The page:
The Pope said the Presentation is “a meeting between the young full of joy in observing the Law of the Lord and the elderly full of joy by the action of the Holy Spirit.”
“It is a singular meeting between observance and prophecy,” he said Feb. 2.
The Presentation, recounted in the Gospel of Luke, is the story of the infant Jesus and his parents meeting the elderly Simeon and Anna in the Temple in Jerusalem.
Pope Francis noted that Luke’s gospel repeats four times that Mary and Joseph “wanted to do that which was prescribed by the Law of the Lord,” in bringing their child to be dedicated to God.
“The parents of Jesus had the joy of observing the precepts of God, yes, the joy of walking in the Law of the Lord... It’s not an external fact, it’s not to feel alright, no! It’s a strong, profound desire, full of joy,” he explained.
The elderly Simeon and Anna “were guided by the Holy Spirit.” Simeon was a “just and pious man who awaited the consolation of Israel” while Anna was a “prophetess” who was “inspired by God.”
“In other words,” said Pope Francis, “these two elderly people are full of life! They are full of life because they are animated by the Holy Spirit, docile to his actions, sensitive to his call.”
This meeting points to a deeper reality in the Church, he continued.
“If we reflect carefully, the observance of the law is animated by the same Spirit, and prophecy moves us along the path drawn by the Law. Who more than Mary is full of the Holy Spirit? Who more than she is docile to his actions?”
He addressed a congregation that filled St. Peter’s Basilica with religious and clergy gathered to celebrate the Feast of the Presentation. In 1997 John Paul II dedicated the feast day as the World Day for Consecrated Life.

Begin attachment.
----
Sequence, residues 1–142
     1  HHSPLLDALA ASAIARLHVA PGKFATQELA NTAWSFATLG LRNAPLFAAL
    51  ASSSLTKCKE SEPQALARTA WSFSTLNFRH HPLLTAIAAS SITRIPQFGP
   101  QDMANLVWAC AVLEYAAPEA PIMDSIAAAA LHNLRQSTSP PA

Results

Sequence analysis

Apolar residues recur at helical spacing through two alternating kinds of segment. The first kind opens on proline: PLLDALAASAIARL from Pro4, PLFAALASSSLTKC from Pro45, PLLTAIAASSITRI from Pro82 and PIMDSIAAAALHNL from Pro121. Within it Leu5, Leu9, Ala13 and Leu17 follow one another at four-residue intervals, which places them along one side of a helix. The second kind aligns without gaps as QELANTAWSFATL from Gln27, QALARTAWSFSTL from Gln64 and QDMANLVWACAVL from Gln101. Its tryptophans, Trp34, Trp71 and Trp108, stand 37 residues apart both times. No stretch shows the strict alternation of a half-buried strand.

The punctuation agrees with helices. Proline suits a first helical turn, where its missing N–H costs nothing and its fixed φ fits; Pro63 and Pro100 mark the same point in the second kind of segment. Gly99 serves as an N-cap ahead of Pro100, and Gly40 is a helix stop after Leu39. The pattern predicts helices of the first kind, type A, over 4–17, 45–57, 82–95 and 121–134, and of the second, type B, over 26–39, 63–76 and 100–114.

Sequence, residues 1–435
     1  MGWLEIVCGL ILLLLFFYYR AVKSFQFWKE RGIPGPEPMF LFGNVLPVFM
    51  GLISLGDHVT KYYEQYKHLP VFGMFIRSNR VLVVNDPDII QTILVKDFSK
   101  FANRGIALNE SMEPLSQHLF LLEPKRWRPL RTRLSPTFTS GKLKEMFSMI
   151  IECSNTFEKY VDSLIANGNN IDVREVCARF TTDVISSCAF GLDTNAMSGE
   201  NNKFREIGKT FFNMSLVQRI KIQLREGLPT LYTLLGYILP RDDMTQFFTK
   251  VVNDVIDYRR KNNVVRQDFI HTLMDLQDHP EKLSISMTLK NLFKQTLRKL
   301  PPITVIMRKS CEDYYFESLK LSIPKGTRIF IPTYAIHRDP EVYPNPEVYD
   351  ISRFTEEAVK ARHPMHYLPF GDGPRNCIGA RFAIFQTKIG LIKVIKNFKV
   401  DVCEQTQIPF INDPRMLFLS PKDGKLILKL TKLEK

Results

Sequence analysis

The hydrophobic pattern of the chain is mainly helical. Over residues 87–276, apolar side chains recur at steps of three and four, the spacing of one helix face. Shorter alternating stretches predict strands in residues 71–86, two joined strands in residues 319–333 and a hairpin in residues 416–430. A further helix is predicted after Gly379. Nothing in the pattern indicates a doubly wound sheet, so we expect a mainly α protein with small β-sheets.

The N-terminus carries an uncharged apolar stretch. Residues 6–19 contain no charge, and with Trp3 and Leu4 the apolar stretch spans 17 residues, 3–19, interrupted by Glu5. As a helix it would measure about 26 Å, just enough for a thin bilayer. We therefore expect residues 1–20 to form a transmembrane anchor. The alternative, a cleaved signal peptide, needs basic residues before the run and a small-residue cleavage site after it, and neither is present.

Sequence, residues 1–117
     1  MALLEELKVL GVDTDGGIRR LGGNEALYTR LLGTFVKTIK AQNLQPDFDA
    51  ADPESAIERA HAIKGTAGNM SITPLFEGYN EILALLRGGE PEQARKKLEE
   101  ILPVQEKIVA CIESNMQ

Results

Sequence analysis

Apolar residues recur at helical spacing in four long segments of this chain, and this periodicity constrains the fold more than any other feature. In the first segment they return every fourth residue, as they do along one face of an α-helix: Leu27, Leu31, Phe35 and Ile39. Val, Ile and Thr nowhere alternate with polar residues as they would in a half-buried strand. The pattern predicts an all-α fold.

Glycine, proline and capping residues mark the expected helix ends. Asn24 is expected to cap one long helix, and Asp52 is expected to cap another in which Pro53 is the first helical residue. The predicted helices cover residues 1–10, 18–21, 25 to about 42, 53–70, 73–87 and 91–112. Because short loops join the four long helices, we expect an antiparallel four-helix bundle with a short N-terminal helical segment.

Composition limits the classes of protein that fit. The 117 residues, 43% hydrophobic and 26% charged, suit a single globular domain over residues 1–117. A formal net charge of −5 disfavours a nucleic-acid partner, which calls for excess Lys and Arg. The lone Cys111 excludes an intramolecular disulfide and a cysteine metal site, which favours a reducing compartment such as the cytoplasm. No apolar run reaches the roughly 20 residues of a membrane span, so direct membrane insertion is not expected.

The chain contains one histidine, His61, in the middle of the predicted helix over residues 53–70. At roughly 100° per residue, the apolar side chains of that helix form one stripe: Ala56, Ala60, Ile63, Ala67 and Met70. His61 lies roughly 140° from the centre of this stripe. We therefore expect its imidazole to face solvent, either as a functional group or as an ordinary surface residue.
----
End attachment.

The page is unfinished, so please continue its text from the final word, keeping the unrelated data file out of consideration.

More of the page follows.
Pope Francis said that the commitment to religious life should be seen as a “meeting with Christ.” It is Jesus Christ who “comes to us, brought by Mary and Joseph, and we who go towards him, guided by the Holy Spirit. But He is at the center.”
“He moves everything, he draws us to the Temple, to the Church, where we can meet him, know him, welcome him, embrace him.”
The Pope explained that this encounter can take place in organizations of vowed religious.
“Jesus comes to meet us in the Church through the foundational charism of an institute: it’s beautiful to think this about our vocations!” exclaimed Pope Francis to the many men and women religious in the congregation.
“And also in the consecrated life, one lives the meeting between youth and the elderly, between observance and prophecy,” he continued. “Let us not see them as two opposing realities!”
Observance of the law and prophecy must work together, he urged. “A sign of this is joy, the joy of observance, of journeying in the rule of life, and the joy of being guided by the Spirit, never rigid, never closed, always open to the voice of God who speaks, who opens, who leads.”
Pope Francis then encouraged the elderly to share their wisdom with young people, and young people to “receive this patrimony of experience and wisdom,” in order to “carry it forward,” not “to keep it in a museum” but rather “for the good of the respective religious families of the whole Church.”
At the close of Mass, Pope Francis stopped for a moment of prayer in front of a statue of Mary holding the infant Jesus before processing out of St. Peter’s Basilica.
The statue of the baby Jesus from the Vatican’s Nativity scene, which will be put away today, was also brought to the pontiff for a final act of veneration.
Pope Francis’ Sunday homily reflected on the Presentation of Jesus in the Temple, noting how the event shows both young and old people joyous in their faithfulness to God.
Feast Day, Pope Francis